The University of Nebraska at Omaha’s Office of Latino/Latin American Studies (OLLAS) recently released a report on the status of Latino-owned businesses in Nebraska. The report has been in progress since August and is based on data taken from 2007. In order to make the report accessible to a diverse audience, the executive summary is available in both English and Spanish.
According to the data, the number of Latino-owned businesses in Nebraska has been increasing. However, Latino-owned businesses are also less likely to survive and expand than other businesses. Lisette Aliaga Linares, a research associate in the OLLAS department and author of the report, suggests that there may be a variety of reasons for this.
“What we have noticed in general is that small businesses have high mortality when compared to corporations or larger businesses,” Linares said. “They can be like a trial-and-error environment.”
The fact that data was collected around the same time that these businesses were just opening could account for the high likelihood of mortality. “The longer a business goes, the higher the chance of survival,” Linares said.
Linares also suggests that the businesses are undercapitalized could be another possibility. Many of the Latino-owned businesses lack training, resources and expansion, which may be due to a lack of capital. “From anecdotal and personal experience ,we know a lot of family members work in the businesses as unpaid employees who are just helping out,” Linares said. This can allow the business to expand without needing to hire more people.
In order to increase the likelihood of survival for these businesses, there are many things that could happen. One of these is providing more resources in the community.
“Immigrants in general in the U.S. have more entrepreneurship ‘spirit,’” Linares said. “Because when you are born in your country, you put a lot of investment into education and being employed is mainly what matters, but immigrants are trying to survive on low paid jobs, so they see being an entrepreneur an opportunity to offer more mobility.”
Linares also said that a community partner reported having more immigrants coming in for resources and information on how to open a business. Because of this, more training and resources may have a positive impact for Latino-run businesses.
Although Latino-owned businesses are primarily run by males, there has recently been an increase in Latina women with businesses. These include jobs in healthcare and social assistance (childcare and elderly care). According to Linares, the women in this SES often have a hard time getting financial resources to start their businesses. “It would be great if there would be more interest in working with that sector of the population,” Linares said.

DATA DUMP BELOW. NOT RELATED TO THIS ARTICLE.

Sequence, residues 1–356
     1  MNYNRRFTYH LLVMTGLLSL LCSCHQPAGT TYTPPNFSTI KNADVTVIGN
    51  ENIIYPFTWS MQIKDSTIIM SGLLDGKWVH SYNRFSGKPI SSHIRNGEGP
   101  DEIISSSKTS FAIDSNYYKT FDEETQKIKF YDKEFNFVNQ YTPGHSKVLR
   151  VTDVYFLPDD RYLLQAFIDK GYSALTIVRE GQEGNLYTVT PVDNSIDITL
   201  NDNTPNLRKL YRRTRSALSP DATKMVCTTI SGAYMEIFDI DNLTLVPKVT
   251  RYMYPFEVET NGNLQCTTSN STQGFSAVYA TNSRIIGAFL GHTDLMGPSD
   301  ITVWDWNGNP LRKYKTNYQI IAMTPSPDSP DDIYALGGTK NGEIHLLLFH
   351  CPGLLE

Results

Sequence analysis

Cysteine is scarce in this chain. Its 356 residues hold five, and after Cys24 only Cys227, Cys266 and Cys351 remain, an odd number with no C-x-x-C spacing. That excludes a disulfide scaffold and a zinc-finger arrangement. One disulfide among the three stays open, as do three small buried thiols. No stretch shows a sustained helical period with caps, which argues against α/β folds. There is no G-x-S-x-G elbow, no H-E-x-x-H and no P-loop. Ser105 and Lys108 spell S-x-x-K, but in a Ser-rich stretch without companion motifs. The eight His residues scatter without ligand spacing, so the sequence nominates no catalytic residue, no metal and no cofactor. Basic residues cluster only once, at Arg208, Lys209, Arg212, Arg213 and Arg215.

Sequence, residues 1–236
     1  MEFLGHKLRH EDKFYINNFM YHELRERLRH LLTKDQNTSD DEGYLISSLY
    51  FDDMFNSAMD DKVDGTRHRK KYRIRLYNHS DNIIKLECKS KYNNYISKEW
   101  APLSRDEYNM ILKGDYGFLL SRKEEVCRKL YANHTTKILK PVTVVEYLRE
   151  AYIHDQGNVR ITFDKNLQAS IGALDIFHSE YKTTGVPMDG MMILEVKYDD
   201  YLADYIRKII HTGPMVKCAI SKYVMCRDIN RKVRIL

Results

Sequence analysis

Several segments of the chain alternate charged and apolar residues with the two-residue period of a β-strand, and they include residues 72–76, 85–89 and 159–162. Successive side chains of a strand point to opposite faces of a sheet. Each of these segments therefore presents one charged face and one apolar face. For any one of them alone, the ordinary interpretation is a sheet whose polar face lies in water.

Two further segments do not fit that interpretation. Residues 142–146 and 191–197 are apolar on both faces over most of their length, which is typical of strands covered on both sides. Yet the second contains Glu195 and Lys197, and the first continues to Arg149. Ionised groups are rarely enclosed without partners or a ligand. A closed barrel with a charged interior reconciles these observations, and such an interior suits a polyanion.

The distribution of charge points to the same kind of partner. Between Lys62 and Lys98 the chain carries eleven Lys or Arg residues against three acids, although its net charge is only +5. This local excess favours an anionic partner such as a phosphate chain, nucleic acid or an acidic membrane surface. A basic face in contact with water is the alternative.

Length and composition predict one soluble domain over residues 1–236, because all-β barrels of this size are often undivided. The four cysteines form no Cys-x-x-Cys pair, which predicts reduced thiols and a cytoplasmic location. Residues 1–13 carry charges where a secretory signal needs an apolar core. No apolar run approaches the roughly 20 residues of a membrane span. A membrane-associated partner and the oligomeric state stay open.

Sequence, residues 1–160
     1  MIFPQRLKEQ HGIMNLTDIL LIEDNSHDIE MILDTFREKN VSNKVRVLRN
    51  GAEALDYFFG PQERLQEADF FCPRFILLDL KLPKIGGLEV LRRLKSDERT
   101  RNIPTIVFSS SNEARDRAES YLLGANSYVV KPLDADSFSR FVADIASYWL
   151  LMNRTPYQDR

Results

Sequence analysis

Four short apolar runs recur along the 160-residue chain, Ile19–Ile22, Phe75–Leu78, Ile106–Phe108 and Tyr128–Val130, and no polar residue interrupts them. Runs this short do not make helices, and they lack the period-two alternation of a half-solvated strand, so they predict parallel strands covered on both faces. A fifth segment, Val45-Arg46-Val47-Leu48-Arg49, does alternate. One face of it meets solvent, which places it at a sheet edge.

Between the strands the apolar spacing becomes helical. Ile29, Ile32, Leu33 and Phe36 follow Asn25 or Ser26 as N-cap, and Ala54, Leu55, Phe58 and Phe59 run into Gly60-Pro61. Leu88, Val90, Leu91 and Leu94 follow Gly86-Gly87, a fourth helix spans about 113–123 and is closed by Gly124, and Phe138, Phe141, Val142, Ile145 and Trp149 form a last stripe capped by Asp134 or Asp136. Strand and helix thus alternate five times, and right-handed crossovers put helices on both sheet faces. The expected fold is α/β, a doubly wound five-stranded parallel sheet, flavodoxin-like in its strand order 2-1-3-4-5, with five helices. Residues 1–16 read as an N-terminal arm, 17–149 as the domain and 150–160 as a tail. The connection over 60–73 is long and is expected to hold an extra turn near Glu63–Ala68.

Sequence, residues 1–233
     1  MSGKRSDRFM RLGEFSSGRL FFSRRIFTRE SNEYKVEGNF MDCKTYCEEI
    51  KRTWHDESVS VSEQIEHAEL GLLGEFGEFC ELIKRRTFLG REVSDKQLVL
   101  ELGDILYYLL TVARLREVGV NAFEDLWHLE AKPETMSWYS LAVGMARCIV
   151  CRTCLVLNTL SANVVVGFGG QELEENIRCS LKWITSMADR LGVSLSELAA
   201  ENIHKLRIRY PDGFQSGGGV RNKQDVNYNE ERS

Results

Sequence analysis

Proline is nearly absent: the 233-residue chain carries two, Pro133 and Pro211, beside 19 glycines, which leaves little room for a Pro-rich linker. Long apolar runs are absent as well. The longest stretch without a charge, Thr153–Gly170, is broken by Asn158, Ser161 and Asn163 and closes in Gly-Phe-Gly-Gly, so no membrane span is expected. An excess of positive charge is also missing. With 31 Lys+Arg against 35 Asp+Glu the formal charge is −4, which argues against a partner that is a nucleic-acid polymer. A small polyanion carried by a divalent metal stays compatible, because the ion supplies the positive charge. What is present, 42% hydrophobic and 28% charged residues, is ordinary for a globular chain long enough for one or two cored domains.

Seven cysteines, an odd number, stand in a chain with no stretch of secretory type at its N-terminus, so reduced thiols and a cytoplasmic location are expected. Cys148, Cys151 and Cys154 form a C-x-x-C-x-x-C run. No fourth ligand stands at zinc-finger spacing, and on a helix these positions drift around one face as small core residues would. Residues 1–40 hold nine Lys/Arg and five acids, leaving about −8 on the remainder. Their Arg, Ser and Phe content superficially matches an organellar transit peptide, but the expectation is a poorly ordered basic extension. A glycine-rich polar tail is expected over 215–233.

Although data from 2012 has been collected, the information will not be even partially released until 2015. However, Linares predicts that Latino-owned businesses will continue to expand in number, especially because of the growing Latino population. Another contributor to growth could be the increasing need and availability of bilingual services. Since the data for the current report was from 2007, when the Latino businesses were in a time of growth, it is not yet known how the economic crisis has impacted the businesses. Linares reported a story about a woman at a Latino-owned businesses who was asked about the crisis. The woman replied with a smile and said, “There’s no crisis here…I’ve been in crisis all my life.”
According to Linares, Latino-run restaurants have been making decisions to adapt to the changing economy like having cheaper prices and offering mostly meat.
“They have made some decisions, but they are used to trying to survive,” Linares said.
While current data is not available, an increase in Latino and minority-owned businesses is important for the community.
“They serve the community and they could potentially provide upper mobility,” Linares said.
Since first generation of Latinos are often immigrant parents, opening successful businesses can often pass down benefits to their U.S. born children. Small businesses are also the main employers in the U.S.
“Success of them means replicating that affect not only on the children but on the wider community,” Linares said. “Small business revitalize communities. They give more benefits to the community in general, the Latino and non-Latino community.”
One of these benefits includes providing job openings for others, which is critical during the economic crisis. To read the OLLAS report, visit unomaha.edu/ollas/businessreport2014.php.